My mission was to greatly reduce, perhaps eliminate, this space; reducing it by 50% within two years and reducing it by another 75% within two more years; with the goal being to completely eliminate  office space if it were possible.

I also relentlessly worked to eliminate all non-value-add overhead by whatever means possible.  My transformation method of choice would be to; evaluate quickly, make and implement the decision, and then see if any of the “fears” of that decision became a reality.  Looking back, I can’t recall any fears I might have had actually manifesting themselves. 

The amount of cash savings realized was mind-blowing; it still leaves me in awe.

In my original article from 2009, I wrote of the future; “Our lease is up in December of 2010.  If I can find a reasonable solution for hosting our internal IT systems, my plan is to go completely Nomad and be completely without bricks and mortar.”

In June of 2010, the possible became a reality; we had shed all our office space, my companies had dissolved in New York and reformed themselves in Wyoming, and I had moved to Germany.  Our very real company had a virtual footprint.

But the technology available in 2010, and the investment requirements required to acquire and implement at the time, is like living in the stone-age compared to today, in 2021.  The keys were internet access and speed along with cloud computing.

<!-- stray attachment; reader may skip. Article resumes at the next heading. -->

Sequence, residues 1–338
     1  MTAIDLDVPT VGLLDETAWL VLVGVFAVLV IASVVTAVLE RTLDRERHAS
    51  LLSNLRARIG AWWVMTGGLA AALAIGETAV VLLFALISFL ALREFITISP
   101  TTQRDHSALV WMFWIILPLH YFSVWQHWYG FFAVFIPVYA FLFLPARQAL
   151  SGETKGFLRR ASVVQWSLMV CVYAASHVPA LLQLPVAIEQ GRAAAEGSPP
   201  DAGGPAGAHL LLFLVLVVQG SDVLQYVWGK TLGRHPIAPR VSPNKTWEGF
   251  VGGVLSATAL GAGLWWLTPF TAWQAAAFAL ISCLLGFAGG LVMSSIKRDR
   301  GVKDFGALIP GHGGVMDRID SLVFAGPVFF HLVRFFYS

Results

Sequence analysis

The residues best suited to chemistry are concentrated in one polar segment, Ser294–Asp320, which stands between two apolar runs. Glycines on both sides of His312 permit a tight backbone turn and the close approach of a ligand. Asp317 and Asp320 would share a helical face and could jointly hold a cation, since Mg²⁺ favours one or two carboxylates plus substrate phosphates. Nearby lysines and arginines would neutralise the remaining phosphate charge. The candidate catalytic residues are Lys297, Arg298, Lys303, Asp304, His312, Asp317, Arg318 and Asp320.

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Imagine the following developments since 2010:

  • Internet Speed:  Today, I have 400 megabits (thousand bits) per second (mbs) internet access costing $25 per month (with 1,000mbs available at a cost of $70 per month if I wanted it).  But in 2005, my company ran on a shared T1 (1.5mbs) for a cost of $350 per month.  And in 2010, our internet connection was 4mbs (the national average was 3.97mbs) and it cost $250 per month.
  • Internet WiFi Access:  Today, and although many places require a password login, you can connect to public WiFi almost everywhere you go for free (Germany is a laggard here).  But in 2005, you needed to be hard-wired to a telecom provider if you wanted to access the internet at a speed that was fast enough to do more than eMail and consume information (content) on websites – and that usually meant a 10BaseT network connection running at a maximum of 10mbs.  It wasn’t until 2008 that the WiFi(4) standard was adopted and offered connection speeds between 72 and 600mbs (making possible the reality of becoming a Nomad as noted in Special Report from The Economist).